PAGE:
Painter 1904 - 1989
Salvador Dalí, in full Salvador Felipe Jacinto Dalí y Domenech (born May 11, 1904, Figueras, Spain—died January 23, 1989, Figueras), Spanish Surrealist painter and printmaker, influential for his explorations of subconscious imagery.
As an art student in Madrid and Barcelona, Dalí assimilated a vast number of artistic styles and displayed unusual technical facility as a painter. It was not until the late 1920s, however, that two events brought about the development of his mature artistic style: his discovery of Sigmund Freud’s writings on the erotic significance of subconscious imagery and his affiliation with the Paris Surrealists, a group of artists and writers who sought to establish the “greater reality” of the human subconscious over reason. To bring up images from his subconscious mind, Dalí began to induce hallucinatory states in himself by a process he described as “paranoiac critical.”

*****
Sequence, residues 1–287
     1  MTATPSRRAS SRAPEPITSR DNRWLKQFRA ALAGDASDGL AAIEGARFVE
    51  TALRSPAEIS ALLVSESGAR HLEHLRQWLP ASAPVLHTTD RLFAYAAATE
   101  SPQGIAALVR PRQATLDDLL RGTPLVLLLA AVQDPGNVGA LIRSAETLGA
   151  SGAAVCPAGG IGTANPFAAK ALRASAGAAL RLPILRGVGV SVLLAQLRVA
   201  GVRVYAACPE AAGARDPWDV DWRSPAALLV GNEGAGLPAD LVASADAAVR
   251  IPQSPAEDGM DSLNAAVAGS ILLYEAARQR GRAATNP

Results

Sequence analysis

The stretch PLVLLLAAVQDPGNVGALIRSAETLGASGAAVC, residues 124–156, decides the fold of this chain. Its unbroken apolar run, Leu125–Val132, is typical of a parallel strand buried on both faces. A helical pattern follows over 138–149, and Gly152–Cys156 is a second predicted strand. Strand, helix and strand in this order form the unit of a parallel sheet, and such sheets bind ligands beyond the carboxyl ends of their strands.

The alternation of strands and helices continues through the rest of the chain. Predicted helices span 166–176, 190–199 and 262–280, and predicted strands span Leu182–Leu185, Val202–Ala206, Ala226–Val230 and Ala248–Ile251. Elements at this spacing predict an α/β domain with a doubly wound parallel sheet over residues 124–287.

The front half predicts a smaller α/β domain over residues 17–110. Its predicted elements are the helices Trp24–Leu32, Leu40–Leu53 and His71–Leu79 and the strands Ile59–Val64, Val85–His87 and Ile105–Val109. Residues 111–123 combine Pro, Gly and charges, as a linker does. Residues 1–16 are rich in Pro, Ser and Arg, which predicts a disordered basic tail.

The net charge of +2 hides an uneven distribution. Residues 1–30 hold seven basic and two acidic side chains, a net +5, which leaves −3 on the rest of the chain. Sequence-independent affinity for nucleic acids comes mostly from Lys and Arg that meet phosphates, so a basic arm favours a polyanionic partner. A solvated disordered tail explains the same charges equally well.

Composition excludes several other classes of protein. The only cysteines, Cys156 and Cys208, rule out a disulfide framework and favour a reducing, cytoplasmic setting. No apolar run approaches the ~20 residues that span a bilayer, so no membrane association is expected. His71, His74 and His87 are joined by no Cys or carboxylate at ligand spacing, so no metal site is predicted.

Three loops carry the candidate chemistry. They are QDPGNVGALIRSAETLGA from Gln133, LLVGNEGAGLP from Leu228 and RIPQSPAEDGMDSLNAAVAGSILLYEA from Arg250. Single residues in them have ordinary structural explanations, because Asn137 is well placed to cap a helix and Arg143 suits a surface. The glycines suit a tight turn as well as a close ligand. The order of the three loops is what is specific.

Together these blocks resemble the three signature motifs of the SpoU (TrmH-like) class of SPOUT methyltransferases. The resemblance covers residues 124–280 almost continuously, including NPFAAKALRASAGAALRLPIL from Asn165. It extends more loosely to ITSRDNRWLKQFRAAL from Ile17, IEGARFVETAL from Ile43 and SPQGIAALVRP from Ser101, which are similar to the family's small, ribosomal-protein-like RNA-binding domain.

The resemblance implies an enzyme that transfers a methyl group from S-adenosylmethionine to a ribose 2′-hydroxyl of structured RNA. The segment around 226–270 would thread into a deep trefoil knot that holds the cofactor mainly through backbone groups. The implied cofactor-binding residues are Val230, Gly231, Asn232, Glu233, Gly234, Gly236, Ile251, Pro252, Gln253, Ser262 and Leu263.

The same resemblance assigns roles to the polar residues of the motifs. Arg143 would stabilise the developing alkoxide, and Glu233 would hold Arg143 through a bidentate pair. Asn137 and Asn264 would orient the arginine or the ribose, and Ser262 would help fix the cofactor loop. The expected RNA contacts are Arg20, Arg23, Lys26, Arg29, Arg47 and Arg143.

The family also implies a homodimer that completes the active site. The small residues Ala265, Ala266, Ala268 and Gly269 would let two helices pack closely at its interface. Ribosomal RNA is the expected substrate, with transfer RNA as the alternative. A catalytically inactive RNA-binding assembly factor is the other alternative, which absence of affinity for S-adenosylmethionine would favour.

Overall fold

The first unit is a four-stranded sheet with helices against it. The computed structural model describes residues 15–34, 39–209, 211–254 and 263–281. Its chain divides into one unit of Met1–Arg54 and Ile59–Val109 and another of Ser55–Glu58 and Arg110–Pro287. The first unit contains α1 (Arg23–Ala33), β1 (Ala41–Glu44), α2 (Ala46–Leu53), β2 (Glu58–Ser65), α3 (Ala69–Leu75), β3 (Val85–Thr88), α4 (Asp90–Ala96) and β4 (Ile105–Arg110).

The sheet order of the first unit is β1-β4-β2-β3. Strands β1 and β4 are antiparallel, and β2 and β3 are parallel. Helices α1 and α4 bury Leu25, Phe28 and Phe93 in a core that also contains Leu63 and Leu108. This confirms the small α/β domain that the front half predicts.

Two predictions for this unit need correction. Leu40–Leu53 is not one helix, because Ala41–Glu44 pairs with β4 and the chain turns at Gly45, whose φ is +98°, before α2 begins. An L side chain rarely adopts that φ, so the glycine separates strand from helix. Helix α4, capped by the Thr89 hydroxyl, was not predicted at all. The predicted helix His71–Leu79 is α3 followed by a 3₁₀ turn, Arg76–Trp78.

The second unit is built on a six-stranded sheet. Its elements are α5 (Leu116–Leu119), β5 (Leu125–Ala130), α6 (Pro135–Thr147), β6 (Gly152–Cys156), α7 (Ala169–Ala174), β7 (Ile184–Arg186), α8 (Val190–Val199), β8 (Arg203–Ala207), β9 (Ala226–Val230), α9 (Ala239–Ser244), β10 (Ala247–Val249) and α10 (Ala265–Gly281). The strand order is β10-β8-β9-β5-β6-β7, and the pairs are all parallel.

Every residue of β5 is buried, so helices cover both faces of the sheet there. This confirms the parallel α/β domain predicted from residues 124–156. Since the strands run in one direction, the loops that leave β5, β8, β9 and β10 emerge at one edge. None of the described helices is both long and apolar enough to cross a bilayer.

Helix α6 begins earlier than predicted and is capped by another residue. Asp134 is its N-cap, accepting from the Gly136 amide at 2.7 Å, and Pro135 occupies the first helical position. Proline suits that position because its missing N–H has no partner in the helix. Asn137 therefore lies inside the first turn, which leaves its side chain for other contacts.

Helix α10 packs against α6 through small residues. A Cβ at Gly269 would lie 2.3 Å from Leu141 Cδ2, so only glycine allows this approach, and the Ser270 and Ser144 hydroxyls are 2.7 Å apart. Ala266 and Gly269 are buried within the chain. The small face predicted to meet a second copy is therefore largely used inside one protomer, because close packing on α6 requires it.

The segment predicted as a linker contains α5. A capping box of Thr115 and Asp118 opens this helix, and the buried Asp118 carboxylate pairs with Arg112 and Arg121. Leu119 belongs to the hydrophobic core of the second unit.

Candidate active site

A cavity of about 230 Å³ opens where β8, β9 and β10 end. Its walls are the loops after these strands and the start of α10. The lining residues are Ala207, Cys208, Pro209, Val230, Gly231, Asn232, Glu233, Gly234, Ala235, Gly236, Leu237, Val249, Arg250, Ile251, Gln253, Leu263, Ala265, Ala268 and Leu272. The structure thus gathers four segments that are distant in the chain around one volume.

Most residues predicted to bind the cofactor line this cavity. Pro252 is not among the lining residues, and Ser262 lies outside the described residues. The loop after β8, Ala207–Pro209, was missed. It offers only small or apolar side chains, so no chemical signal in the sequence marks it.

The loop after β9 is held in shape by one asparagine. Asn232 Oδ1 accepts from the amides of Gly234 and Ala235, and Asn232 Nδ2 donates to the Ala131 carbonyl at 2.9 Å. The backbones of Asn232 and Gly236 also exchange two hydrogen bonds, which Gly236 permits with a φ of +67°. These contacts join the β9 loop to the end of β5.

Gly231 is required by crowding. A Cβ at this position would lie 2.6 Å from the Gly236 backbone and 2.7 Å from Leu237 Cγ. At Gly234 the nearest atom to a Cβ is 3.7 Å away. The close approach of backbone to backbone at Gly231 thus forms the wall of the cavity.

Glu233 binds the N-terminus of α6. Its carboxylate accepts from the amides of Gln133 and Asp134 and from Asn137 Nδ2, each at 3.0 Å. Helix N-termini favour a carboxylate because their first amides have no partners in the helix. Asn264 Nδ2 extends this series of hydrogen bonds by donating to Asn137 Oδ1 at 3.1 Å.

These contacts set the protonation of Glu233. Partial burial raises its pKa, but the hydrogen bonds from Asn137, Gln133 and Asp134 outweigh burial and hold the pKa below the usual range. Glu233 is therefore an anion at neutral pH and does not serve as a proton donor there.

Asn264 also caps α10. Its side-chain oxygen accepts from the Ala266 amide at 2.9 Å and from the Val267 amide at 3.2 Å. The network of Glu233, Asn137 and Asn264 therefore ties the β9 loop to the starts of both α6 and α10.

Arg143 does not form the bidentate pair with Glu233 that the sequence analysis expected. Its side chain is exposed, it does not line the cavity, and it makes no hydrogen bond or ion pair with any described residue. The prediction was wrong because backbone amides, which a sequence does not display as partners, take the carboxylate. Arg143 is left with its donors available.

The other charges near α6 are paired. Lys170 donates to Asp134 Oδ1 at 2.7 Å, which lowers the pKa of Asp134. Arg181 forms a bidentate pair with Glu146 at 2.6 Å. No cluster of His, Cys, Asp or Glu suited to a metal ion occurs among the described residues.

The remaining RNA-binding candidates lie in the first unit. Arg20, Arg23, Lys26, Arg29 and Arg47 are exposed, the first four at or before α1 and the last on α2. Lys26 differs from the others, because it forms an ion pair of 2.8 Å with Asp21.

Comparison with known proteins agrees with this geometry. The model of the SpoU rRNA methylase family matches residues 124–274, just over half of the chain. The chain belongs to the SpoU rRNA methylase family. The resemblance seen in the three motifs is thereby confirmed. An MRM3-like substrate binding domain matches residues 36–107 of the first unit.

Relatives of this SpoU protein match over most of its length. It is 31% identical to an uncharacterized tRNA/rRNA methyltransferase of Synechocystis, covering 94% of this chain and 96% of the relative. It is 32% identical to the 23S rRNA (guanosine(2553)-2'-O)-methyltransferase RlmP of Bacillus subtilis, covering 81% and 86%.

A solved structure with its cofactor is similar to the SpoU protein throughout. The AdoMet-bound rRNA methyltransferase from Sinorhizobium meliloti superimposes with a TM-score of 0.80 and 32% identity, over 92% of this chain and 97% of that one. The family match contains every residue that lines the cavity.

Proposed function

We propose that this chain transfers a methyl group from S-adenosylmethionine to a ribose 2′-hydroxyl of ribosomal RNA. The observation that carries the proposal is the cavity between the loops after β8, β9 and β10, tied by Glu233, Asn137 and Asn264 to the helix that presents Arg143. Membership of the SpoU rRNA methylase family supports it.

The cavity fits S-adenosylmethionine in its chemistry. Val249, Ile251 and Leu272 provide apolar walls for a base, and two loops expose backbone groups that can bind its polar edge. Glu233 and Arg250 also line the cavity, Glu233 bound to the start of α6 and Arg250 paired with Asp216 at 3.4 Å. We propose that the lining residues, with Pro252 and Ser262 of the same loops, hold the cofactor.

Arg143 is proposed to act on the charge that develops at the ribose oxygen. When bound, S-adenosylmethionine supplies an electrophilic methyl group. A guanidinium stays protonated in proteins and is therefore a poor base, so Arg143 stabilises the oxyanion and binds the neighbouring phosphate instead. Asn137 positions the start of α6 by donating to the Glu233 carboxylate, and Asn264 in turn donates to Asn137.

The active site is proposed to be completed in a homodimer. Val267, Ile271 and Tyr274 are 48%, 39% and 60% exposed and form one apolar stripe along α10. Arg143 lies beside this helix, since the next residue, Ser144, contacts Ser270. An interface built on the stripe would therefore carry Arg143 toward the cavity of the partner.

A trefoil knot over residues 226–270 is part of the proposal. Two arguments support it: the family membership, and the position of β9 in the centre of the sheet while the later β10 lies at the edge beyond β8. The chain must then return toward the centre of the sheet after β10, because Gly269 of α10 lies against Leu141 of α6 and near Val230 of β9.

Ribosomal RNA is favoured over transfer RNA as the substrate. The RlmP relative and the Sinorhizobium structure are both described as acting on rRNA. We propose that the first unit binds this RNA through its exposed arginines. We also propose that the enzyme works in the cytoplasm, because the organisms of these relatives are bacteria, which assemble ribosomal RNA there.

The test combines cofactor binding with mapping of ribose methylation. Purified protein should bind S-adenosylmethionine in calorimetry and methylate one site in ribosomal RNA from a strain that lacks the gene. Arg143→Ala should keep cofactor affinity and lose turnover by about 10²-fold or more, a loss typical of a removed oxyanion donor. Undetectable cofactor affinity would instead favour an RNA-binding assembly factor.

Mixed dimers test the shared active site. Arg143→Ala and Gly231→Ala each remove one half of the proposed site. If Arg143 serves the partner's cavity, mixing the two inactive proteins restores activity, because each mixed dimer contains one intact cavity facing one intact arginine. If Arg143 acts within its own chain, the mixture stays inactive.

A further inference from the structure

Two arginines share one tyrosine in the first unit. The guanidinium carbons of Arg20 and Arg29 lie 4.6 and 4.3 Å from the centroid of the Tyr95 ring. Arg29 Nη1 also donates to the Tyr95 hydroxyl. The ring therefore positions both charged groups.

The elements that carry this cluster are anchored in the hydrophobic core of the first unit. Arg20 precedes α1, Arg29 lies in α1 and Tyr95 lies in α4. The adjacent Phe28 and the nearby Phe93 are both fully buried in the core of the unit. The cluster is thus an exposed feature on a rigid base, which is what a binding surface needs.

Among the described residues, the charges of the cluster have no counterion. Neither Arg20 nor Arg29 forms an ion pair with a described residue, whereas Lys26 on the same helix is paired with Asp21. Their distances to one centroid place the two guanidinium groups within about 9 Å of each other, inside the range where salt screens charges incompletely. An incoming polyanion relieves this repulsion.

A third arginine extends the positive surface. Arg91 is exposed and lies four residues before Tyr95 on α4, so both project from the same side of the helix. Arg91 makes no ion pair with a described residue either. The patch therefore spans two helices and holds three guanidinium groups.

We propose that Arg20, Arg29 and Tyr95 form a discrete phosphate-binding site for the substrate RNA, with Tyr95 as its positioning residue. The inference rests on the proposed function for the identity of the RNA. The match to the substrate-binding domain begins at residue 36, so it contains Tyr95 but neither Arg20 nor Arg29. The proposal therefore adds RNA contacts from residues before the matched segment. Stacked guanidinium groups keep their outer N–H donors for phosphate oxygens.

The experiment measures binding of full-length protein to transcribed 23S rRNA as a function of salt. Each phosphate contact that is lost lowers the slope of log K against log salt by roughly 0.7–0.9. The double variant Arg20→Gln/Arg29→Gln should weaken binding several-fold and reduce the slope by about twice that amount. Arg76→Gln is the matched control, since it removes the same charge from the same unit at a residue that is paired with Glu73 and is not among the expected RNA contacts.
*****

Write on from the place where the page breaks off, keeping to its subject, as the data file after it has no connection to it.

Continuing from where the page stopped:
Once Dalí hit on that method, his painting style matured with extraordinary rapidity, and from 1929 to 1937 he produced the paintings which made him the world’s best-known Surrealist artist. He depicted a dream world in which commonplace objects are juxtaposed, deformed, or otherwise metamorphosed in a bizarre and irrational fashion. Dalí portrayed those objects in meticulous, almost painfully realistic detail and usually placed them within bleak sunlit landscapes that were reminiscent of his Catalonian homeland. Perhaps the most famous of those enigmatic images is The Persistence of Memory (1931), in which limp melting watches rest in an eerily calm landscape. With the Spanish director Luis Buñuel, Dalí made two Surrealistic films—Un Chien andalou (1928; An Andalusian Dog) and L’Âge d’or (1930; The Golden Age)—that are similarly filled with grotesque but highly suggestive images.